“It could be done without doubling the price tag,” Assemblyman Jim Patterson (R-Fresno) said.
Before reaching the 2018 ballot, the parks bond needs similar supermajority approval in the state Senate and the signature of Gov. Jerry Brown.
Three state lawmakers have introduced a bill that would require California’s pension funds to divest from any company involved in building President Trump’s proposed wall along the U.S.-Mexico border.
Assembly Bill 946 from Assemblymen Phil Ting (D-San Francisco) and Eduardo Garcia (D-Coachella) and Assemblywoman Lorena Gonzalez Fletcher (D-San Diego) would require the California Public Employee Retirement System and the California State Teachers Retirement System to liquidate any investments in companies that helped build the wall.
“Californians build bridges not walls,” Ting said in a release. “This is a wall of shame and we don’t want any part of it.”
CalPERS and CalSTRS are the nation’s largest and second largest pension funds with nearly $312 billion and $202 billion in investments under their control, respectively. The AB 946 announcement follows last week’s U.S. Customs and Border Protection’s request for companies to submit formal border wall prototypes.
A group of officials including Los Angeles Mayor Eric Garcetti on Monday called on state legislators to end a stalemate over approving a transportation funding plan to cover a $130-billion backlog of repairs to California’s roads, bridges and highways.
Current legislation that would raise the gas tax and vehicle fees to generate $5.5 billion annually needs a two-thirds vote of the Legislature but has been bogged down with some Democrats withholding support.
“We have a very simple message for Sacramento today: Fix our streets,” Garcetti said during the rally. “It is time before the April 6 break for the California state Senate and Assembly to do the right thing and fix the streets of our cities and of our region.”
Pressure on legislators was also ratcheted up by Brian Kelly, secretary of the California State Transportation Agency, who said he hopes new legislation will be introduced next week that “will reveal the entirety of the funding plan.”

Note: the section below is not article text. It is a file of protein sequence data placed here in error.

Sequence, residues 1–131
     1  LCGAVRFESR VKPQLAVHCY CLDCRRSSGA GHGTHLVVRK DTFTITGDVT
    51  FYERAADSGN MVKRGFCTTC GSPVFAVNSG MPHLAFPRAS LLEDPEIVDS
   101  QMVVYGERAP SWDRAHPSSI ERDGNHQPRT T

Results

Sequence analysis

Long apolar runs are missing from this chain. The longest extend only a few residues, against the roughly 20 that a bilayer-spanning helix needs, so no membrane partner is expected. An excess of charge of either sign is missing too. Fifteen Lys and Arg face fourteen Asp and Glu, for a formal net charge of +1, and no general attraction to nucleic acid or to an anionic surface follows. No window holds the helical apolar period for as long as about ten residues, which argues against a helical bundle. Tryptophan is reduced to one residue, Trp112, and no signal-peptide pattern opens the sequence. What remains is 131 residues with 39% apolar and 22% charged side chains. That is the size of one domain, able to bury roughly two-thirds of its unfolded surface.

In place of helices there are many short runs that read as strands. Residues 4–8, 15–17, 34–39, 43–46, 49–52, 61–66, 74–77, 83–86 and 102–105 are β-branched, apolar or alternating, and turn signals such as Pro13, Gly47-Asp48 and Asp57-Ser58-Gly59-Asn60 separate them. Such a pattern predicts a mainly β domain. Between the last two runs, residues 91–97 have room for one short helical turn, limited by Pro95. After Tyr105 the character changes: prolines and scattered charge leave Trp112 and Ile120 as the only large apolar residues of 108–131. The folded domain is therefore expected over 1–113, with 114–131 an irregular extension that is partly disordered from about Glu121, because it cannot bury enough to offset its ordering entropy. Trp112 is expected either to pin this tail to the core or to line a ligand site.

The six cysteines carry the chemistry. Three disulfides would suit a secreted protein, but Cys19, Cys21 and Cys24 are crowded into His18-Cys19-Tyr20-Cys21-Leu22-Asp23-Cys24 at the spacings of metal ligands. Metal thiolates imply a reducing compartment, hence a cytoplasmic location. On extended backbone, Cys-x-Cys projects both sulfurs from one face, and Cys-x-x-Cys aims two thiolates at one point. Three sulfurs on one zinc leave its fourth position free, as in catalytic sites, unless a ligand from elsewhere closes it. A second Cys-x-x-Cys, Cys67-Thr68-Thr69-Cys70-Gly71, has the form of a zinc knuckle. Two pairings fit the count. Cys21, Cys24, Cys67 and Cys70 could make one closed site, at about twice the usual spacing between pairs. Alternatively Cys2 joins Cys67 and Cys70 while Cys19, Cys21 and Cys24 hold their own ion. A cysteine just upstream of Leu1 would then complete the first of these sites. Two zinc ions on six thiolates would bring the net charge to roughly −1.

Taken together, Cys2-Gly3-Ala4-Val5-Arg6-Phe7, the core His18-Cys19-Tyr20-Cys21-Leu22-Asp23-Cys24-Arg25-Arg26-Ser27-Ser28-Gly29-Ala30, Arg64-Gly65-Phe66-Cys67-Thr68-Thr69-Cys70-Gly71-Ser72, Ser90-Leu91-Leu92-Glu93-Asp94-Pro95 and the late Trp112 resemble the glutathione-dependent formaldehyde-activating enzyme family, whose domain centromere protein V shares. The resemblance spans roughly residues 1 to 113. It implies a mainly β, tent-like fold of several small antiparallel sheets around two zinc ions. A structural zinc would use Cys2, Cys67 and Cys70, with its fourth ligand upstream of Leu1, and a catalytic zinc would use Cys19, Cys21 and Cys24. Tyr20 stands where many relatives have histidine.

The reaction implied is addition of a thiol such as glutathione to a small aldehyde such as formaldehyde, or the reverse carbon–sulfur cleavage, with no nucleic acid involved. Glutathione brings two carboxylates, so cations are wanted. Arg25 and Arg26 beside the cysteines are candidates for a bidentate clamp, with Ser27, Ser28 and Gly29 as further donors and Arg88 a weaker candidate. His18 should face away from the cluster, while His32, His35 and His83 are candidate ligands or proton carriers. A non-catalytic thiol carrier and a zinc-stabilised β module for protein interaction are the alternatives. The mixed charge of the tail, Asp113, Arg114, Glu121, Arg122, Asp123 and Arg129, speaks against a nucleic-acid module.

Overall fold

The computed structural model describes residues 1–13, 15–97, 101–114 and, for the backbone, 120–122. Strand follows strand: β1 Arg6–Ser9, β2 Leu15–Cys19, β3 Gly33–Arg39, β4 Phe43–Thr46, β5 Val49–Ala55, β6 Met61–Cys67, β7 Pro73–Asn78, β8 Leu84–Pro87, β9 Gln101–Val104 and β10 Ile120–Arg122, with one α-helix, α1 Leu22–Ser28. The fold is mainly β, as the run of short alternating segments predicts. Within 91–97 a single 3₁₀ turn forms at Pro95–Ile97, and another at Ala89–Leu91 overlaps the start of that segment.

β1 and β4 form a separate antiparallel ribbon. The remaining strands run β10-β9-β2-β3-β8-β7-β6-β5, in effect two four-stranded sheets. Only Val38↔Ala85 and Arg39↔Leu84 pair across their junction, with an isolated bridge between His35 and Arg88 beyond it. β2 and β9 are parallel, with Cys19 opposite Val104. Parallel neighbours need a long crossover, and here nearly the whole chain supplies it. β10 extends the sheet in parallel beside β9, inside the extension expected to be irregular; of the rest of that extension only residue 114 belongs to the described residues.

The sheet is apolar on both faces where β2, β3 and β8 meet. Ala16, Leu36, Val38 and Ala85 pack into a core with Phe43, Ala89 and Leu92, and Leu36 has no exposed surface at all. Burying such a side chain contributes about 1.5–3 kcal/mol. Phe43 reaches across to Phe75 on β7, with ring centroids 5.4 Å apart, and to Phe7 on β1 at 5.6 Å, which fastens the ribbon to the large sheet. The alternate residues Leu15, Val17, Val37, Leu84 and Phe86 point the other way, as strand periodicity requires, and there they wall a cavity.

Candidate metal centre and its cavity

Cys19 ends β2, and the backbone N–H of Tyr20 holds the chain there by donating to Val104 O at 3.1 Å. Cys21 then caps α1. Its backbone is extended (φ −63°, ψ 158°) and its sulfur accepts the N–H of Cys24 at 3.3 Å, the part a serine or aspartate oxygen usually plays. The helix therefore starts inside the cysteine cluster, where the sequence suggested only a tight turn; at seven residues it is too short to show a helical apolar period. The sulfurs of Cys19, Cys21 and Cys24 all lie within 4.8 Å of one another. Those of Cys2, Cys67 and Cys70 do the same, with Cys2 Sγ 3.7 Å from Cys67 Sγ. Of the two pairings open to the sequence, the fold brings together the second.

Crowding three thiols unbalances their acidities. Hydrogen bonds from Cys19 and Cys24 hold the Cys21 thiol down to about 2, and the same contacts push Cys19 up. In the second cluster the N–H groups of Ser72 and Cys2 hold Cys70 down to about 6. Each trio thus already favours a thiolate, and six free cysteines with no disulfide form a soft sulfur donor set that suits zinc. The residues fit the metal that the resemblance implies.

“The time to act is now,” Kelly said during the rally. “The Legislature has not passed a gas tax increase in 23 years, but over that time things have gotten more expensive.”
County Supervisor Hilda Solis and City Councilman Joe Buscaino also called on lawmakers to reach an agreement.
“Our roads have been neglected to the point that the deterioration is accelerating at an alarming pace,” Buscaino said.
Current legislation would raise the per-gallon gas tax by 12 cents in phases over three years, set the price-based per-gallon excise tax at 17.3 cents, increase the diesel tax by 20 cents, boost the sales tax on fuel by 4% and increase the annual registration fee by $38 for all vehicles.
Some Democratic lawmakers want more money guaranteed for neglected districts and mass transit.
But Garcetti called on the legislators to show leadership and reach a compromise.
“For too long we have let our roads and bridges crumble,” the mayor said. “For too long we have delayed to another month, or another year or another Legislature. For too long we’ve known that a problem exists, we've known how to take action, but we haven’t been able to do it.”
This year, California lawmakers are tackling more than 130 bills that aim to ease the state's housing affordability crisis. One longtime Sacramento observer said this is the most attention legislators have paid to housing issues in three decades.
Highlights include a measure that would strip the state's mortgage interest deduction from vacation-home owners and redirect the roughly $300 million a year saved to finance low-income housing. Other bills would increase spending on low-income housing development by billions of dollars and streamline some local permitting reviews.